Pre gelatinised starch: Starches heat treated to speed up end cooking time e.g. quick cook pasta, quick cook rice, easy blend flour for sauces without lumps.
Preservatives: Substances added to some processed foods to prevent spoilage.
Probiotics: Live micro organisms which are added to foods and thought to restore the
microbial balance in the intestine.
Proteins: Essential constituents of all cells. Composed of carbon, hydrogen, oxygen, nitrogen phosphorus and sulphur.
Quorn: see mycoprotein
Rancidity: A chemical change in fats caused by oxidation or hydrolysis. It causes ‘off’ flavours to
Retrogradation (of starch): the opposite of gelatinisation. The starch undergoes a colloidal
change and contracts due to the loss of water. Stabilizers are used in processed foods to
Saturated solutions: A solution that has absorbed as much of a solute as possible at a given temperature. E.g. sugar in water
Sol: the liquid stage of a colloid. E.g.gelatin when cooled a sol become a gel.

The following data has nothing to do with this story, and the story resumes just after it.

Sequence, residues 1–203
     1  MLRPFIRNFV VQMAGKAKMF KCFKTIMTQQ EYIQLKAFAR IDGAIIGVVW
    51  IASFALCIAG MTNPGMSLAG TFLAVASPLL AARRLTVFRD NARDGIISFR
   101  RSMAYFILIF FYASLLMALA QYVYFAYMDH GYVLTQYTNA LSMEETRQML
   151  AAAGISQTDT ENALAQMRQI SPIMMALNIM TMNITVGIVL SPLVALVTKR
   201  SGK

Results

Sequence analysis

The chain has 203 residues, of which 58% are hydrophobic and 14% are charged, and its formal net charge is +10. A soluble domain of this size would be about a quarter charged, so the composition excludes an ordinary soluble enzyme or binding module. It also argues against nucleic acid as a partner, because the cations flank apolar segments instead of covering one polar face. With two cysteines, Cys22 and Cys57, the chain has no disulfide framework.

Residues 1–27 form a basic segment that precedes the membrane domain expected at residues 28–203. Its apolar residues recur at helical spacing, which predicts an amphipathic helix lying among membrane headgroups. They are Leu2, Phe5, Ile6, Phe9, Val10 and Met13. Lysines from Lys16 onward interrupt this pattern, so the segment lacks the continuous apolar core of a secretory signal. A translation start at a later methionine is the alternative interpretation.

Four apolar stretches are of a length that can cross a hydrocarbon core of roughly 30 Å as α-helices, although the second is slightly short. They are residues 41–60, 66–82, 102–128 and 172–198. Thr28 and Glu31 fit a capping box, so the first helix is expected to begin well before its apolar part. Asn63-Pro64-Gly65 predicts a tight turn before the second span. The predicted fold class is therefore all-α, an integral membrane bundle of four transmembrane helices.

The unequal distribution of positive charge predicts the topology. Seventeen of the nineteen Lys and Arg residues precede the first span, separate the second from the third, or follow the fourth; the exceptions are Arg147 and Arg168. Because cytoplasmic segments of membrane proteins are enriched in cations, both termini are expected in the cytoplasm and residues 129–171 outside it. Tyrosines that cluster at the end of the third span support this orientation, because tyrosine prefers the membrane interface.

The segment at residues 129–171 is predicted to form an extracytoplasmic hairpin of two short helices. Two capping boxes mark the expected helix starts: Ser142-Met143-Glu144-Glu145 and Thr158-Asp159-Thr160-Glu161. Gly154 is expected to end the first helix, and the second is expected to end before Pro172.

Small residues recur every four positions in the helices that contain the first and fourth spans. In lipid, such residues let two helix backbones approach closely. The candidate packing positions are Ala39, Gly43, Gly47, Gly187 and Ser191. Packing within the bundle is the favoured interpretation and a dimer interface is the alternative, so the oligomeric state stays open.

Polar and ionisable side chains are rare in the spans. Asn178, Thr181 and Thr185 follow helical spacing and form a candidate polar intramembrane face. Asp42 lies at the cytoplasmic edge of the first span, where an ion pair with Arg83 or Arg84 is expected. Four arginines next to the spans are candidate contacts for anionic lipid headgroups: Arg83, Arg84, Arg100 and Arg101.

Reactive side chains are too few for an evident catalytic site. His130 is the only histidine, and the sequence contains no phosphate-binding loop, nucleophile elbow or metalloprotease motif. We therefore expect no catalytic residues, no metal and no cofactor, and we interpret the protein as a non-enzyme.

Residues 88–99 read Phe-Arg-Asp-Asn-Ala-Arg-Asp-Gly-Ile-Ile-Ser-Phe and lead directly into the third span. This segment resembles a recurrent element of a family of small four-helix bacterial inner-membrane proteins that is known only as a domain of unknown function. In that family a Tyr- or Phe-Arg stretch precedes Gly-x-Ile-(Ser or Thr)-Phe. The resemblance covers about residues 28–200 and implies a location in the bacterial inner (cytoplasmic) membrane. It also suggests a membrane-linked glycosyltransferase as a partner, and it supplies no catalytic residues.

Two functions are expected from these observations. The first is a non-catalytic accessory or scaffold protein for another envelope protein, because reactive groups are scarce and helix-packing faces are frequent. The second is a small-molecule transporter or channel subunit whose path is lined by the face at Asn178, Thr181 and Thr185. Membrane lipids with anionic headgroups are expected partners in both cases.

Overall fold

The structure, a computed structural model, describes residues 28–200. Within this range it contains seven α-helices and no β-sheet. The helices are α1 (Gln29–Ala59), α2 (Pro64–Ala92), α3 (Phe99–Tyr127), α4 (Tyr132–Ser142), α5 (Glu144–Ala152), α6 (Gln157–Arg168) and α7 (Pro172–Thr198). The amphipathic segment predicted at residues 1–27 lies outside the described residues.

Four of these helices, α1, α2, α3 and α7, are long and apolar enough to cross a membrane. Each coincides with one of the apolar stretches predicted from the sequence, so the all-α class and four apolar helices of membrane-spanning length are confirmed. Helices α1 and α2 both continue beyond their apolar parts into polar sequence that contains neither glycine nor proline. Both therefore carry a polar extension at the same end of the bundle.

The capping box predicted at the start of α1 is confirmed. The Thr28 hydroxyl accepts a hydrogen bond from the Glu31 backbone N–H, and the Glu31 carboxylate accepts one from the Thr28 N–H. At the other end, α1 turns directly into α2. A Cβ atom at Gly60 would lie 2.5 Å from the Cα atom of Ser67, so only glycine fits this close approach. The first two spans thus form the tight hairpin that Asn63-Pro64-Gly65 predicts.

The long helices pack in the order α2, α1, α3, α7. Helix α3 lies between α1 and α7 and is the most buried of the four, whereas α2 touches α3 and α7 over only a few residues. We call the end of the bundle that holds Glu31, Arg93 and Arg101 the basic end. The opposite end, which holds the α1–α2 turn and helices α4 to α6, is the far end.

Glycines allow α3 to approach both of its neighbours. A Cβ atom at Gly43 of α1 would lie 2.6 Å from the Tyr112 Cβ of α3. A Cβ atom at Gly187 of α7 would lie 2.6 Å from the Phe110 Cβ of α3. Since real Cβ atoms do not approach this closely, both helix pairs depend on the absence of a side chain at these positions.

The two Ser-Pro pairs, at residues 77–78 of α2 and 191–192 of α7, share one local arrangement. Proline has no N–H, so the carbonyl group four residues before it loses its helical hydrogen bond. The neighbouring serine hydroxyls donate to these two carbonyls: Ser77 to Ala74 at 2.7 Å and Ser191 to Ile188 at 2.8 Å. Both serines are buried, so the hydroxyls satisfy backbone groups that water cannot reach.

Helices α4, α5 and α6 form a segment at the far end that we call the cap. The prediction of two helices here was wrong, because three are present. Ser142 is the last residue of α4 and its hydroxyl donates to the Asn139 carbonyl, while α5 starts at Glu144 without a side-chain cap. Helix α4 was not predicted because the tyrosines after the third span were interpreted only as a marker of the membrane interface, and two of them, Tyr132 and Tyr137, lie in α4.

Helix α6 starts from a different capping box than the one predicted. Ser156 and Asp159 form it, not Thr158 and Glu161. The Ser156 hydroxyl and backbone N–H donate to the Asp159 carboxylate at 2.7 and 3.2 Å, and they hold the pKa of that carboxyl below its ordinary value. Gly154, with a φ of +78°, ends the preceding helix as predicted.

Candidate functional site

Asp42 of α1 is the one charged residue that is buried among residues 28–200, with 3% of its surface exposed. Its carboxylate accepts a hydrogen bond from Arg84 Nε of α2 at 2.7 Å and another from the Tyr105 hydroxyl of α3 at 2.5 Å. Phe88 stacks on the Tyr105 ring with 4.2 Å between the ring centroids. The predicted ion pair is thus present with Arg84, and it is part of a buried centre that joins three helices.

Solution: a homogeneous mixture of two phases – the solute and the solvent.
Stabilisers: Substances which absorb water and are often used as thickening agents or to keep an emulsion stable.
Starch: A long chain polysaccharide composed from units of glucose.
Suspension: mixture with two phases solvent and solute that eventually separates.
Syneresis: Refers to overcooked eggs custard, when the proteins shrink as they coagulate and
squeezes out watery liquid ( Seen as holes in the baked custard). Also degrading of a set white sauce as it shrinks.
Viscosity: The thickness of a liquid or a mixture related to flow, such as a sauce.
Xanthan gum: Polysaccharide produced by bacterial fermentation and used as a thickening
agent to form gels and increase viscosity. Used to replace gluten in gluten free flour to achieve acceptable baked products.
Yeast: Microbe and biological raising agent. Bakers yeast has thetechnical name, Saccharomyces Cerevisciae. A source of vitamin B.Ferments to produce carbon dioxide if it has food, moisture, warmth and time.
Zylitol: sugar-free sweetener